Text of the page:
Rex Village makes historic preservation list

By Joel Hall


With many of its standing structures pre-dating the American Civil War, the historic Rex Village exists as a vital link to Clayton County's past. The recent construction of a Rex Road bypass, however, has influenced the county to find ways to restore structural and economic integrity back to the area.

This week, the county won a major victory in its effort to restore prosperity to the village. On Wednesday, the Georgia Trust for Historic Preservation listed Rex Village as one of 10 historically valuable sites in its 2011 list of "Places in Peril."

According to Georgia Trust President and CEO Mark McDonald, the list was established six years ago, in order to raise public awareness of significant historic restoration projects, taking place throughout the state. He said the organization's top-ten list of locations that are most-worthy of preservation, was established from a pool of 26 nominated sites.

"We promote and protect our historic buildings, communities, and sites all across the state of Georgia," said McDonald. "We have seen every year the national attention that this [list] brings. That raises attention on those sites ... It also means the Georgia Trust will dedicate a lot of time to those places on the list."

The 2011 list of "Places in Peril" includes: Zion Church, built in 1848 in Talbot County; Rex Village in Clayton County; the 1911 Craigie House in Atlanta, which housed the first Georgia chapter of Daughters of the American Revolution and the second chapter in the country; the 1797 John Ross House in Walker County; the Harrington School of St. Simons Island; the Medical Arts Building in Atlanta; the Fairview Colored School in Floyd County; the Martin House in Muscogee County; the historic buildings of Sparta, Ga., in Hancock County; and the Berrien County Courthouse in Nashville, Ga.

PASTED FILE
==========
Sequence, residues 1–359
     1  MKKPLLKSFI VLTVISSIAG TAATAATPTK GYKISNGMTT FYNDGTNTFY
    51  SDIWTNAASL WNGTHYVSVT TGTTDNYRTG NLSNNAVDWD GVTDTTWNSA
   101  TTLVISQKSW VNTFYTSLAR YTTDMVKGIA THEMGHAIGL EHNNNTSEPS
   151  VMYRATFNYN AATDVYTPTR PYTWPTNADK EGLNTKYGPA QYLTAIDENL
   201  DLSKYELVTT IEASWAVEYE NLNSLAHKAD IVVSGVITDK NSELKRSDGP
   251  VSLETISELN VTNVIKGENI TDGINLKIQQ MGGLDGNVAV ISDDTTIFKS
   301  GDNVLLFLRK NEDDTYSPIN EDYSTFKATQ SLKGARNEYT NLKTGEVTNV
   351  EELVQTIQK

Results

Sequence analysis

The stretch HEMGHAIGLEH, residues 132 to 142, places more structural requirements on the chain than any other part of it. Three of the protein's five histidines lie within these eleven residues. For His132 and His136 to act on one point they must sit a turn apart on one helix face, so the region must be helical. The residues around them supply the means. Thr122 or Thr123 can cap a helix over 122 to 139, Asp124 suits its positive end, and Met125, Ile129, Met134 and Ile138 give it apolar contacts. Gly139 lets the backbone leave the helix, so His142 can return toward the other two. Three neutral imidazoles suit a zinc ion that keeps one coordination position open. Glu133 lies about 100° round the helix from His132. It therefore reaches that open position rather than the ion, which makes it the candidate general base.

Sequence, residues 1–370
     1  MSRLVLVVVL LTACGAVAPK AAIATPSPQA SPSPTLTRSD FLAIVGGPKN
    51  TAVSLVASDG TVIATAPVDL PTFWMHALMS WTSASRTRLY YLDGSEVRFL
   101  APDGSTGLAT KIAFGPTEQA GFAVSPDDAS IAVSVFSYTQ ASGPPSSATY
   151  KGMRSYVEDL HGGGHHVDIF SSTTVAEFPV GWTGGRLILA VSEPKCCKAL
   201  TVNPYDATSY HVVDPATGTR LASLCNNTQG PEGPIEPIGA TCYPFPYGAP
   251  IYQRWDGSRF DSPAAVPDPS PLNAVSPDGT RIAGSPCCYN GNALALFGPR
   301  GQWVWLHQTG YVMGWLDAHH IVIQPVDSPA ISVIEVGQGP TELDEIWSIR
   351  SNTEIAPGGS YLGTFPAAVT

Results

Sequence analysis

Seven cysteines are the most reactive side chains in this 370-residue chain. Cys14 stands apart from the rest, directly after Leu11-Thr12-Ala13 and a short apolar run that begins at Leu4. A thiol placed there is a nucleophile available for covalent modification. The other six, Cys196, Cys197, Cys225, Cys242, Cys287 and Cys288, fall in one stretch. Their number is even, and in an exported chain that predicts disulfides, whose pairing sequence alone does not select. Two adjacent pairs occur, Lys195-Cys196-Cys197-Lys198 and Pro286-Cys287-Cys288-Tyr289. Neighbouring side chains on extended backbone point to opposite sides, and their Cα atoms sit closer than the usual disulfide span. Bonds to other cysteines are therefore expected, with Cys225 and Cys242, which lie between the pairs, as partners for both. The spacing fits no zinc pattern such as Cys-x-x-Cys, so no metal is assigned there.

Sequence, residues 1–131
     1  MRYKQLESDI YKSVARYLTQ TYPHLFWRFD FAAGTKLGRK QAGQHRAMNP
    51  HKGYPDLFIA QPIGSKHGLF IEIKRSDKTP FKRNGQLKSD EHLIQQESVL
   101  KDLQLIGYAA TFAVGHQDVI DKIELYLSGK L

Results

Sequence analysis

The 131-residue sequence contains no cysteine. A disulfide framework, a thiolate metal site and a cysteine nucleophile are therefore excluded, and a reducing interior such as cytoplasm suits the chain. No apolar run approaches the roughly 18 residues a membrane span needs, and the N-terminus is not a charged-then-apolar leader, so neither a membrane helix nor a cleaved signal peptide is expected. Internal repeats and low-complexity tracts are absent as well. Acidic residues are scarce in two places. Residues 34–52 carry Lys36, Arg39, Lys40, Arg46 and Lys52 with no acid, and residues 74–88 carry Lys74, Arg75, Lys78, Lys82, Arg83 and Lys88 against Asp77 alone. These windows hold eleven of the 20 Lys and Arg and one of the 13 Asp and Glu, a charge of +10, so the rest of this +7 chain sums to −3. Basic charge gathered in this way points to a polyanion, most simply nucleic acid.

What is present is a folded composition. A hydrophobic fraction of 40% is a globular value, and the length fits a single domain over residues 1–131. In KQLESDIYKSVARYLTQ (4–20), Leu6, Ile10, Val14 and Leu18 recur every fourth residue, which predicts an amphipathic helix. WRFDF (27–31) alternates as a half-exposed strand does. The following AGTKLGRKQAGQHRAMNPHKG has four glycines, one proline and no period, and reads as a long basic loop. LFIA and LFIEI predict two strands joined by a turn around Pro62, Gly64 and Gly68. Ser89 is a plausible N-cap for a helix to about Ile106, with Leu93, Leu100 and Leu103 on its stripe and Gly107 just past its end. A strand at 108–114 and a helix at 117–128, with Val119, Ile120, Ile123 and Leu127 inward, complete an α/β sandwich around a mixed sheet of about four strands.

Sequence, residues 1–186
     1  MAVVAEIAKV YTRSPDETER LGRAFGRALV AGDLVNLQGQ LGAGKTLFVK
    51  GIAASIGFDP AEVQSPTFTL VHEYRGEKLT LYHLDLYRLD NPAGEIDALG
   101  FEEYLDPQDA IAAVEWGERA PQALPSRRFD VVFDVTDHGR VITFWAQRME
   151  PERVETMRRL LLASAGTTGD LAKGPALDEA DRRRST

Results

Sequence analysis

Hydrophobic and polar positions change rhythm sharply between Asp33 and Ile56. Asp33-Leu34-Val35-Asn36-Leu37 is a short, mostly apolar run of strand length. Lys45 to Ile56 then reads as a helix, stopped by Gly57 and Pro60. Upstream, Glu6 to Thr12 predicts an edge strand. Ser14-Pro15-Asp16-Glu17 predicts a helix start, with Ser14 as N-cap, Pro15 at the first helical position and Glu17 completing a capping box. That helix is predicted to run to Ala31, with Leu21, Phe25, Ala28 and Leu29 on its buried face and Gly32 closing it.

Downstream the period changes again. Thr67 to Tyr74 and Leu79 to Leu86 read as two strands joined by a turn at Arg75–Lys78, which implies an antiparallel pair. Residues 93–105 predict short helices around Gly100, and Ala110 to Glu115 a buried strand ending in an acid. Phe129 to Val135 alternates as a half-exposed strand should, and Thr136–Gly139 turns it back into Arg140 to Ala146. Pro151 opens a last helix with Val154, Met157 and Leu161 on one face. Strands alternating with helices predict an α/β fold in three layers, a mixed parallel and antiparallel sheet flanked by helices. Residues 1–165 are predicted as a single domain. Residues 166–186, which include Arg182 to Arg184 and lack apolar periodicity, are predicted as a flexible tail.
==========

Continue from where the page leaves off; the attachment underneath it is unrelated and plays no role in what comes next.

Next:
A full listing and description of the Georgia Trust's "Places in Peril" list can be viewed at www.georgiatrust.org.

Last year, Rex Village became the subject of national attention when genealogists, hired by The New York Times, traced First Lady Michelle Obama's lineage to Melvinia Shields, a slave girl who grew up in the village. Prior to that discovery, according to Clayton County Economic Development Director Grant Wainscott, the county sought ways to revitalize and market the aging village, which houses the historic Rex Mill.

Wainscott said the designation of Rex Village to the Georgia Trust's "Places in Peril" list adds credibility to the county's revitalization efforts, and may open the doors for state and federal assistance.

"There is a lot of work to determine if your property is viable for historic redevelopment," Wainscott said. "This 'Places in Peril' designation is a critical step that underscores that we are on the right path. We want to protect the core structures of these buildings to make sure that they are going to be here for the next 100 years ... Our toolbox has just increased dramatically."

Wainscott said that the Georgia Trust will eventually bring in experts from the state's Department of Natural Resources' Historic Preservation Division to assess the condition of the village's buildings and determine an economic strategy for the area. He said placement on the list may also help the county achieve grants to assist in its redevelopment.

"The goal is not to turn this into one big, behind-the-glass museum exhibit," Wainscott said. "People need to be able to touch, see, and be a part of that era. It would be our hope that Rex will have [an] economic return for the community and the county as well."